In this guide, we answer the three key questions first time buyers may have in one easy place.
What schemes are on offer for first time buyers?
Making your way onto the property ladder isn’t always easy, especially in the current economic climate. With inflation figures and the cost-of-living both still high, saving for a large enough deposit is difficult.
However, there are several schemes on the market designed to help first time buyers reach their home buying goals.
You can use the shared ownership scheme to purchase both new-build homes and existing properties. Anyone using shared ownership can purchase between 25% and 75% of their home’s value. You will need to pay for the remaining share of the property by paying a monthly rent to a housing association.
Throughout the time you live at the property, you can purchase further shares of the house. This will increase the amount you own and decrease the rent. People might refer to this as staircasing.
Usually, you can buy 10% or more of shares at a time from your landlord. Some newer leases will allow you to buy 5% or more, some older leases increase to 25% or more. Check your contract to see how much you can purchase each time. It’s worth noting that every time you purchase a share, there’s likely to be an additional administration fee.
To qualify for shared ownership, your household income must be £80,000 or less outside London and £90,000 or less in London.
100% mortgages haven’t been offered by lenders since the financial crash of 2008. However, in May 2023, Skipton Building Society trailblazed change by bringing them back onto the market.
Recognising that, especially in the current climate, saving for a deposit is becoming harder than ever for first time buyers, Skipton re-introduced the 100% mortgage in a bid to support first time buyers onto the property ladder.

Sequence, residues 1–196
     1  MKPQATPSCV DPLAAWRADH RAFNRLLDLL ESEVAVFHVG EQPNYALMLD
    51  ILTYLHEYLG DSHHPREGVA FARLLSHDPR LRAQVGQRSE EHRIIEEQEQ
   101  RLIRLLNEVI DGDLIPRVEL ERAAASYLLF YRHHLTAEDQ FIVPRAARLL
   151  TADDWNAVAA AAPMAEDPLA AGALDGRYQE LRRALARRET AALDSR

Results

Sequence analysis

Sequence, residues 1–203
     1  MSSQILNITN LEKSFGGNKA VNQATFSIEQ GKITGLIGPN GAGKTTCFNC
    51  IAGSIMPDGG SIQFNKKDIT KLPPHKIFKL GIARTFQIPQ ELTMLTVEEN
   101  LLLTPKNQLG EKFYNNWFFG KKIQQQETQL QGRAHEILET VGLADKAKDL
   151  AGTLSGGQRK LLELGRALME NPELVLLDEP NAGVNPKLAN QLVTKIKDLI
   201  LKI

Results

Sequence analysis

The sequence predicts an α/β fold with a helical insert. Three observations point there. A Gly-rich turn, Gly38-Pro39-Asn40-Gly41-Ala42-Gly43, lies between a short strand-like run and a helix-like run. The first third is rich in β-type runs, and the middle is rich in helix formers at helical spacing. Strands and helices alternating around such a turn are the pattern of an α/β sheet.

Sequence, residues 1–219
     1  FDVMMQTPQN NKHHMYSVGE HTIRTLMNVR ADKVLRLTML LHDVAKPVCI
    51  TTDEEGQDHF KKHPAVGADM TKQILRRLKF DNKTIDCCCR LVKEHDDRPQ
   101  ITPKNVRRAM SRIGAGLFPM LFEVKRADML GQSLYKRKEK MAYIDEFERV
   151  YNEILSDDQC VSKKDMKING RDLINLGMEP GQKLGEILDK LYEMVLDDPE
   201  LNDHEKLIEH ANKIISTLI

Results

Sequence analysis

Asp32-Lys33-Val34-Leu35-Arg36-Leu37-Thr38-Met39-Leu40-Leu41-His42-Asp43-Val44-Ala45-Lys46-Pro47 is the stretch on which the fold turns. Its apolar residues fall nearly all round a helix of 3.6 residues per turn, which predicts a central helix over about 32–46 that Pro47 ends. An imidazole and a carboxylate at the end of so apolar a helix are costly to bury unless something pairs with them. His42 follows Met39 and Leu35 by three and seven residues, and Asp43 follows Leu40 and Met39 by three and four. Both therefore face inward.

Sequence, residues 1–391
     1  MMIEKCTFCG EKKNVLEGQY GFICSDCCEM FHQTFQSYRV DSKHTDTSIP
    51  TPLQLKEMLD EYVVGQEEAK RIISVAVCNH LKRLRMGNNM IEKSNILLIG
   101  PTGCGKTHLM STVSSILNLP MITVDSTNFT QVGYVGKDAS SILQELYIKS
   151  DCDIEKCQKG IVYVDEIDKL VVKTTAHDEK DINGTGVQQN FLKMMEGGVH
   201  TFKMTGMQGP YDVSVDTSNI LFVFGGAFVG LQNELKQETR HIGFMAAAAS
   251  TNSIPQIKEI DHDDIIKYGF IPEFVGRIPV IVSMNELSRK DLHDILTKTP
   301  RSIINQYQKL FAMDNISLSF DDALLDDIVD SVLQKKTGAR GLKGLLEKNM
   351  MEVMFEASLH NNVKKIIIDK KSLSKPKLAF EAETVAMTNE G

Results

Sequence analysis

With a 100% mortgage, buyers aren’t required to have a deposit, nor do they need to have a guarantor. However, there is strict lending criteria:
- You must be 21 or over
- You must be a first time buyer
- You need to have been renting for at least 12 consecutive months out of the past 18 and have evidence that all rent has been paid on time. You can prove this via bank statements or confirmation from your landlord or letting agent
- You can’t have missed any repayments that you have, as these will show up on your credit report
- You can’t buy a new-build flat
You’ve got the finance, now what?
You’ve worked hard to pull together the necessary funds to purchase a home. Now you need to do everything you can to boost your chances of being accepted by a lender.
Check your credit score
A positive credit score is crucial when it comes to buying a house. Without it, you may be rejected for a mortgage.
Ahead of applying, make sure you check your credit record. Give yourself enough time to correct it if necessary. Preferably, check your rating with the three credit referencing agencies, Experian, Equifax, and Check My File.
It’s important to note that having no credit score could be just as detrimental to your application as having a poor credit score. Without proof that you’re able to manage your money well, your lender may question if you can pay back a mortgage.
If you find yourself in this situation, make sure you’re doing everything necessary to build up your credit score. This includes ensuring you’re on the electoral register, paying bills on time and opening a credit card. Of course, use your credit card wisely, paying off statements on time and in full.
Check your bank statements
Before applying for your mortgage, make sure you’ve not missed any payments and you’re not exceeding your overdraft limit. If you find yourself with either of these, you’re likely to have your application declined.